Monthly Archives: July 2010

Weekend miscellany

How data travels from phone to computer Relativity in words of four letters or less How to fool yourself — and others — with statistics Open source biology software from Microsoft Research Farmers

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Peripeteia

I was looking at a word-of-the-day calendar the other day and the word was peripeteia. I didn’t remember what the word meant, but I remembered that I heard someone use it in a presentation. Eventually I remembered that Mike Rowe

Posted in Business

Three surprises with bc

bc is a quirky but useful calculator. It is a standard Unix utility and is also available for Windows. One nice feature of bc is that you can set the parameter scale to indicate the desired precision. For example, if

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Posted in Math

Trading education systems with China

American creativity is declining according to a recent Newsweek article. The article says that America is embracing rote learning just as China is embracing creativity. In China there has been widespread education reform to extinguish the drill-and-kill teaching style. …

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How many errors are left to find?

There’s a simple statistic called the Lincoln Index that lets you estimate the total number of errors based on the number of errors found. I’ll explain what the Lincoln Index is, why it works, give some code for playing with

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Posted in Python, Software development

Fortune cookie

This was my daughter’s fortune cookie from lunch yesterday: Digital circuits are made from analog parts.

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Weekend miscellany

Water towers Derek Sivers’ big loss How to lose time and money SciPy 2010 presentations Turning a sphere inside-out part I: Part II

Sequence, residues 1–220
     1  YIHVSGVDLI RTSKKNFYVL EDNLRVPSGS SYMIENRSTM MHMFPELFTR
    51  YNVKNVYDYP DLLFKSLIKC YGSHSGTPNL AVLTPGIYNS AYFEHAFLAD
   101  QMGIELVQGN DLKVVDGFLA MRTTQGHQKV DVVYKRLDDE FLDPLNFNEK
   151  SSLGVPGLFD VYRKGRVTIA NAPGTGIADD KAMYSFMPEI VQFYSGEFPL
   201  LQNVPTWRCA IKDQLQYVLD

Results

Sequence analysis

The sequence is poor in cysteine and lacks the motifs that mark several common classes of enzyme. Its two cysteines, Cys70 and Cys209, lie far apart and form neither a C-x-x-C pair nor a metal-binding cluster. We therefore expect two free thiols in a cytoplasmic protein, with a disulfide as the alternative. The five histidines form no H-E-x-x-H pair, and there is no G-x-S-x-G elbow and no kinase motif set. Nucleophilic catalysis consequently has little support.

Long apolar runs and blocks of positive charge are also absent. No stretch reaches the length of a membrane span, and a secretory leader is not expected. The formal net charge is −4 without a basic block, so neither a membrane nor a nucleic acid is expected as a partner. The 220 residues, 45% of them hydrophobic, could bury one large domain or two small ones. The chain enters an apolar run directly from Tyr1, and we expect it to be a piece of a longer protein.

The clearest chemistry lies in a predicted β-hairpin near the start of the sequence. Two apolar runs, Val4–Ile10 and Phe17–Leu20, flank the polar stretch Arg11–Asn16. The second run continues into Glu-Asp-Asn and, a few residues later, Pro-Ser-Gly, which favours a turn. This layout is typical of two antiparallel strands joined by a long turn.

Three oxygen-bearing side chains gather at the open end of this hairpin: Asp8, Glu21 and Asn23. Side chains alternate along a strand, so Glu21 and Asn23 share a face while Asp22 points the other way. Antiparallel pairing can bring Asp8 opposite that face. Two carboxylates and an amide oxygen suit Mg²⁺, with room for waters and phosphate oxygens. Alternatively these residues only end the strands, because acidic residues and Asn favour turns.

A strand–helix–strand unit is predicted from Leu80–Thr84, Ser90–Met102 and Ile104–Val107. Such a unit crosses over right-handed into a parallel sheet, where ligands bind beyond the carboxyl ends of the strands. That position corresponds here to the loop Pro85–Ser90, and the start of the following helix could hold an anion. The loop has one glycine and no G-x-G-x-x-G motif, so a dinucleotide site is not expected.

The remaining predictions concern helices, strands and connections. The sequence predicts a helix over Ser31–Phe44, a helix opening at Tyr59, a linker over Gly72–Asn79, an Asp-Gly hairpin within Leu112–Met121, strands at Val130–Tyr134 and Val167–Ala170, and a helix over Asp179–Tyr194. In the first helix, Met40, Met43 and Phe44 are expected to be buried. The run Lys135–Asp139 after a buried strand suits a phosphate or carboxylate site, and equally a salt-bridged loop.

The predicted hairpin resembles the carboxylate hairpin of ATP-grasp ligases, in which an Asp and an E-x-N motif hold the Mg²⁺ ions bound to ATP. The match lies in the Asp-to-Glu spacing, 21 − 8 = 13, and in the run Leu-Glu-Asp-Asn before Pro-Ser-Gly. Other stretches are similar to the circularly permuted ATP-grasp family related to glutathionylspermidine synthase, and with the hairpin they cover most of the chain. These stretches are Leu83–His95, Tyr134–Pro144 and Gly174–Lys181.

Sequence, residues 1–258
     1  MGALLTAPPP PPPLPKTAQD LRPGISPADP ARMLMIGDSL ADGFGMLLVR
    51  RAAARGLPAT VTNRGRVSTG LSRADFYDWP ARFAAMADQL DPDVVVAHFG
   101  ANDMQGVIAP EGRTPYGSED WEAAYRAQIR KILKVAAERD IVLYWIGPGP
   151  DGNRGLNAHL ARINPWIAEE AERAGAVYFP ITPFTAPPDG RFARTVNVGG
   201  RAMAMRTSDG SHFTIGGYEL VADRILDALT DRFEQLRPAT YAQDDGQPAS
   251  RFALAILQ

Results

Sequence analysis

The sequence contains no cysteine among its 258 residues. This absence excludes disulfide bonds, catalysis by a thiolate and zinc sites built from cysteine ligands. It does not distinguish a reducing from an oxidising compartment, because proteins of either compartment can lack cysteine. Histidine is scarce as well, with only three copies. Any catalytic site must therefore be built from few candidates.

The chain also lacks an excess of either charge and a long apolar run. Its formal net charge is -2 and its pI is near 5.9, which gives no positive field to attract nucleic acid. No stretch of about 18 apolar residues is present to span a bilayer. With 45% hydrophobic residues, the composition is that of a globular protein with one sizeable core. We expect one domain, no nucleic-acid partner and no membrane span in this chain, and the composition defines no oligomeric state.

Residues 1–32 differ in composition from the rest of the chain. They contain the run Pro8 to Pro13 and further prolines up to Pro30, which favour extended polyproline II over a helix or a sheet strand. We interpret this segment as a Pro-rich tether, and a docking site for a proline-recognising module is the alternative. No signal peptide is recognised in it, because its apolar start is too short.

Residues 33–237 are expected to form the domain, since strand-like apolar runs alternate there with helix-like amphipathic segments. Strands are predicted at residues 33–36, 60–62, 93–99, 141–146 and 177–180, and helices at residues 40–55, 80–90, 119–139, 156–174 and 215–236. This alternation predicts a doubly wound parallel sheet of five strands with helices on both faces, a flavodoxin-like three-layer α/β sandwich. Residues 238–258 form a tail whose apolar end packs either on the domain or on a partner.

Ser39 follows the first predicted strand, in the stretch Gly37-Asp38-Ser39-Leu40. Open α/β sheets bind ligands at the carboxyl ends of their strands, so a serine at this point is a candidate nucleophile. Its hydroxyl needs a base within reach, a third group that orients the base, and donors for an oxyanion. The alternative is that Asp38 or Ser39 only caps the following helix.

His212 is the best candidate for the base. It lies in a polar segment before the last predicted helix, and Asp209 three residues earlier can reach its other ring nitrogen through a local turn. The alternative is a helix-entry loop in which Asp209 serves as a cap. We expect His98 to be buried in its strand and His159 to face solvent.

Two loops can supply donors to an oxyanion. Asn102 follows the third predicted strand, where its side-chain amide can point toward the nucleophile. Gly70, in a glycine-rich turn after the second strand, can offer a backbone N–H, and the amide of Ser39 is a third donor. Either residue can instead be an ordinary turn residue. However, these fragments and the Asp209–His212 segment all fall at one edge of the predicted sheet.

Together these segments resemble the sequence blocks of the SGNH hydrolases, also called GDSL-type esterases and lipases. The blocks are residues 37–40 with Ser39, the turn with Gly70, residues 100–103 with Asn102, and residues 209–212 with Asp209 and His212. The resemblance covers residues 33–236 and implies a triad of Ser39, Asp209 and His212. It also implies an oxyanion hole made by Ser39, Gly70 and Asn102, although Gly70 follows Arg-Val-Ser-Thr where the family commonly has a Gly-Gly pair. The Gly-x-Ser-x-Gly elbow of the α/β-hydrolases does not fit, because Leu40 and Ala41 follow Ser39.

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Replacing Mathematica with Python

Everything I do regularly in Mathematica can be done in Python. Even though Mathematica has a mind-boggling amount of functionality, I only use a tiny proportion of it. I skimmed through some of my Mathematica files to see what functions

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Posted in Python

Total cost of software ownership

A decade ago, commercial software vendors would claim that their products were cheaper than open source alternatives when you considered the total cost of ownership. Free software was free to obtain, but difficult to install, configure, maintain, and support. A

Posted in Computing

Geek fatigue

I heard a great term the other day: geek fatigue. Being a geek often means doing things the hard way, at least in the short term. There’s usually some long-term advantage, real or imagined, to justify doing things the hard

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Four out of five dentists surveyed

Years ago, Dentyne chewing gum ran an advertising campaign with the line “four out of five dentists surveyed recommend sugarless gum for their patients who chew gum.” Of course there’s no mention of sample size. Maybe “four out of five”

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Posted in Science

Endless preparation

In his book Made by Hand, Mark Frauenfelder quotes Peter Gray on what’s wrong with contemporary education. Gray says that school is about always preparing for some future time when you will know enough to actually do something, instead of

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Posted in Creativity

Weekend miscellany

How Google works Somewhere between Paris Hilton and Socrates Research-driven startups Carnival of Mathematics #67

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Volumes of Lp unit balls

The unit ball in n dimensions under the Lp norm has volume I ran across this formula via A nice formula for the volume of an L_p ball. That post gives an even more general result that allows different values

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Posted in Math

SciPy and NumPy for .NET

Travis Oliphant announced this morning at the SciPy 2010 conference that Microsoft is partnering with Enthought to produce a version of NumPy and SciPy for .NET. NumPy and SciPy are Python libraries for scientific computing. Oliphant is the president of

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Posted in Python